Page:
The culminative twists involved in M. Night Shyamalan's previous work felt organic to what had come before, all the while strengthening the film's existentialism without shortchanging its creep factor or general one-of-a-kind allure. With a sad heart, it must be said that "The Village" is too underwhelming and sloppily plotted to work the same way. The central twist, when it arrives, has the potential to be thought-provoking, commenting on the very real fears of today's and yesterday's society while transcending such a one-hundred-year time barrier. Nonetheless, the stream of revelations Shyamalan trots out this time feel clever for the sake of being clever, as they have not been tightly and unmistakably woven through the rest of the story. Instead, they feel irritably contrived, as if Shyamalan felt pressure to give the film the same sort of surprise-factor as his past oeuvre and, in response, cooked up the most unlikely twist he could think of on the day of filming.

The star of the film—nay, the only actor given anything resembling a satisfying, three-dimensional role—is newcomer Bryce Dallas Howard (23-year-old daughter of Ron), a soulful show-stopper as the wise Ivy. Howard enriches her blind character with both meek poignancy and unstoppable determination, a richly ironic combination that makes her feel all the more real. It is she who leads us through most of the developments, and Howard is a fascinating, lovely talent worth following. This is one of the strongest debut performances of the year, and her chemistry with Joaquin Phoenix (2002's "Signs"), charming but hard to read as Lucius, is subtly powerful.

The other actors (in a cast of respected veterans and younger stars on the rise) find their talents squandered in glaringly uneven parts. Each one—Sigourney Weaver (2001's "Heartbreakers"); William Hurt (2002's "Tuck Everlasting"); Judy Greer (2004's "13 Going on 30") as Ivy's caring older sister, Kitty; Michael Pitt (2004's "The Dreamers") as Lucius' friend, Finton, among others—disappears for uncomfortably long stretches of screen time when their reactions to the events occurring are vital missing links. There is no real sense of who these people are and how they function within the village and in their families, and the way Shyamalan juggles the many roles borders on haphazard. Full subplots—one involving the questionable relationship between Alice and Edward strikes instantly to mind—are brought up and then forgotten about by the end. As for the other adults making up the head elders, including Brendan Gleeson (2004's "Troy"), Celia Weston (2003's "Runaway Jury"), and Cherry Jones (2002's "Divine Secrets of the Ya-Ya Sisterhood"), they are lucky to escape with a single distinguishing characteristic.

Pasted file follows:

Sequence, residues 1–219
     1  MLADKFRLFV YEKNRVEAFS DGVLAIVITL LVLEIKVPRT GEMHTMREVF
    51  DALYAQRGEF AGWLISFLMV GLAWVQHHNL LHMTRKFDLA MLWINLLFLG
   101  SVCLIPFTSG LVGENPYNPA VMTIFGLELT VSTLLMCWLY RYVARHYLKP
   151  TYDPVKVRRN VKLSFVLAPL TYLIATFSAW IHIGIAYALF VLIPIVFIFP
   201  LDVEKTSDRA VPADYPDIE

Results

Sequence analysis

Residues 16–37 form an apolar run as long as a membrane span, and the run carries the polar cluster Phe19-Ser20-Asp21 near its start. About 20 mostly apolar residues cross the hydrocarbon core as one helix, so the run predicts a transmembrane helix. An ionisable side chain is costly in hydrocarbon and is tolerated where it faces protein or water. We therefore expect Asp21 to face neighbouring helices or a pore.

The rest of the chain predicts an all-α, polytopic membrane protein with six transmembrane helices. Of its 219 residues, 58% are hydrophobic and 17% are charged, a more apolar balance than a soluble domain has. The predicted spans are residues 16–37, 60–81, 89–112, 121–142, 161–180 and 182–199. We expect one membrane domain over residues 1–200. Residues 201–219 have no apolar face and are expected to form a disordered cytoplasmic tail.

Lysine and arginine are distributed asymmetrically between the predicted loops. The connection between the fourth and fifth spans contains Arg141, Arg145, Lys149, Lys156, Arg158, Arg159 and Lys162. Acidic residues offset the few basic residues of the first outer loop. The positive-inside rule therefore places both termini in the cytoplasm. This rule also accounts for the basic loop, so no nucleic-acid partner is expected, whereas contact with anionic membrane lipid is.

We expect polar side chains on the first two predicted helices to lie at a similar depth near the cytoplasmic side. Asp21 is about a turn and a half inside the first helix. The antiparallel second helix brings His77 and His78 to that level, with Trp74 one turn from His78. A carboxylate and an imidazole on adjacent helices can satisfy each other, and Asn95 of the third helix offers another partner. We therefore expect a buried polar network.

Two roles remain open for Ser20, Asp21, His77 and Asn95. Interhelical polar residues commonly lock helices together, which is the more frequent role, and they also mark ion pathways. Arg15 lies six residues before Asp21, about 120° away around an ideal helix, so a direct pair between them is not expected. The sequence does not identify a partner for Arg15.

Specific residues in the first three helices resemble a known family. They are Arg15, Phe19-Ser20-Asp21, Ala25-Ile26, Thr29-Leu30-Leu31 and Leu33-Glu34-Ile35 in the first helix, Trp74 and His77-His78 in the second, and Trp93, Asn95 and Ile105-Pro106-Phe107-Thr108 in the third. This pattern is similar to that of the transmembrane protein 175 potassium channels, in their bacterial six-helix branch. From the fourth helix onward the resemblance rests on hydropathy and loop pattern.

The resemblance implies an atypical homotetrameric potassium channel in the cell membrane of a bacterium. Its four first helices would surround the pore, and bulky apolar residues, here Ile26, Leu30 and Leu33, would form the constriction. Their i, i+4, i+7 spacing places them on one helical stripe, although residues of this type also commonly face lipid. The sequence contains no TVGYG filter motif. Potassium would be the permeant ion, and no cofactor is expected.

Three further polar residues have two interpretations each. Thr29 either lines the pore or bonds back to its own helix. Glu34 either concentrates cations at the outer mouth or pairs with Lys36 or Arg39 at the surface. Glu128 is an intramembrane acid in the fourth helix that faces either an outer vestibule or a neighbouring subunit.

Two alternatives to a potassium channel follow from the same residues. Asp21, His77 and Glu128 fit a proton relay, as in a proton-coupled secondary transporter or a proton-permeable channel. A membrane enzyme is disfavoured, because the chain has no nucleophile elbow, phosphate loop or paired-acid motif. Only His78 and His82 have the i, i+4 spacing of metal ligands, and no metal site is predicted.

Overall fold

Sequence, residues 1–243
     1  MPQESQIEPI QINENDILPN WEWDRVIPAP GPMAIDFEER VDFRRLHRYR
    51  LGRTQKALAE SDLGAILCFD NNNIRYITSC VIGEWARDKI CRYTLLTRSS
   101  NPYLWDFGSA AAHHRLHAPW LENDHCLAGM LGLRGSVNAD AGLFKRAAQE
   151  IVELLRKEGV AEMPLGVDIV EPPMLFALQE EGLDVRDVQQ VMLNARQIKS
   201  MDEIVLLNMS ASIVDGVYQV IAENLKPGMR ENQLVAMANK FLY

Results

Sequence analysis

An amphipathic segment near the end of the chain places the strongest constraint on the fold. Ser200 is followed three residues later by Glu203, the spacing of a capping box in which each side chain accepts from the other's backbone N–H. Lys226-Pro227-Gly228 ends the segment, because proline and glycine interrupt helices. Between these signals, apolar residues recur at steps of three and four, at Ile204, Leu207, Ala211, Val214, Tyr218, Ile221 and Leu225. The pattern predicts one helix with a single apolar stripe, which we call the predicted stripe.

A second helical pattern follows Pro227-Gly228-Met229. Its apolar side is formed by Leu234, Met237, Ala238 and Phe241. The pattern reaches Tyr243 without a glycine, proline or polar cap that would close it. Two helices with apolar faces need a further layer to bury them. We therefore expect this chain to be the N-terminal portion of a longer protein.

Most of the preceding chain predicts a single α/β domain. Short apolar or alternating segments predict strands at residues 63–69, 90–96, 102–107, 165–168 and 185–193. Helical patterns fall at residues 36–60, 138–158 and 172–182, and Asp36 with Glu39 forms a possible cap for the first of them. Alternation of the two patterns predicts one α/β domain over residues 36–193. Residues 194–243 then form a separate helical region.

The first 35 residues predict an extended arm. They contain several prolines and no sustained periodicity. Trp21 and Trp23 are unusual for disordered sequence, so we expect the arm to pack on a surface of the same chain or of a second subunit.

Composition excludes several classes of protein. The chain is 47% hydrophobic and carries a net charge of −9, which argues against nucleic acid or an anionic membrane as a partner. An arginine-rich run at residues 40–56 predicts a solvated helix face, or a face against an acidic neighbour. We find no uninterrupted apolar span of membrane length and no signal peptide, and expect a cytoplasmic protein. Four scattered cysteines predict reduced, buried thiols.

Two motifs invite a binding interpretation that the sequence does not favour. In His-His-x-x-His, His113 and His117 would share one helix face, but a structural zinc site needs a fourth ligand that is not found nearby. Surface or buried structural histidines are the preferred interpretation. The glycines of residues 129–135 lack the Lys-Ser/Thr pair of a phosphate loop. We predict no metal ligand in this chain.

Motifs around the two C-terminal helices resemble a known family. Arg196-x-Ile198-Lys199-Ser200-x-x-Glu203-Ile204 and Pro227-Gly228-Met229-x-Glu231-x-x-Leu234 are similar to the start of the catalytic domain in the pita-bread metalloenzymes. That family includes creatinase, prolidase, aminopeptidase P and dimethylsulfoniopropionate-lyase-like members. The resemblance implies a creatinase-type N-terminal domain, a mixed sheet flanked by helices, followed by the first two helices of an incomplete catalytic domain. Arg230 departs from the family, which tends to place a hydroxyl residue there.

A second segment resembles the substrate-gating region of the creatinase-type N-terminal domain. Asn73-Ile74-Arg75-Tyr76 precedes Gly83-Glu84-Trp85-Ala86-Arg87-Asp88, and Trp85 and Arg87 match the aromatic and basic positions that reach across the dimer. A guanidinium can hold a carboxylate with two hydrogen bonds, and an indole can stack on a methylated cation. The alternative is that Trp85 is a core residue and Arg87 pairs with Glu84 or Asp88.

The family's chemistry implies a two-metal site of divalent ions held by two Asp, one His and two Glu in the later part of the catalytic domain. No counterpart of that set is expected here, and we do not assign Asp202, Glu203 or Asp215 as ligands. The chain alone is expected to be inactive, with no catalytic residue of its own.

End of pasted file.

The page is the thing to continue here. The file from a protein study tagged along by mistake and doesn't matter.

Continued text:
"The Village" is certainly technically accomplished. The cinematography is given a stylishly vivid autumnal palette by Roger Deakins (2004's "The Ladykillers") that sparsely but indelibly uses scarlet hues to great effect. The music score by James Newton Howard (2002's "Signs") is classy and tense without getting bombastic. And the sound effects of the forest surroundings that elicit fear in the characters are used to optimal effect. Furthermore, there are a couple unforgettable moments destined to raise the hairs on the back on any viewer's neck. Unfortunately, there aren't enough of them. Writer-director M. Night Shyamalan unveils the cards he's playing too soon, and when he does all feelings of uneasiness evaporate before your eyes, like some sort of dirty trick.

"The Village" will polarize audiences, there is no doubt. But for this true fan of Shyamalan, the end product is all talk and no action, a disappointing stumble for a filmmaker who will no doubt get back on his feet by the time his next cinematic endeavor comes around. Shyamalan's ambitiously haughty ideas have finally gotten too large for him to handle this time. When the screen went to black and the appearance of the director's end credit flashed on the screen, my silent response was one of enraged bewilderment. "The Village" offers the ultimate conundrum. It is a complex motion picture that demands a second viewing, yet doesn't offer enough that is scary or emotionally resounding to really be worth the first.
© 2004 by Dustin Putman
Dustin Putman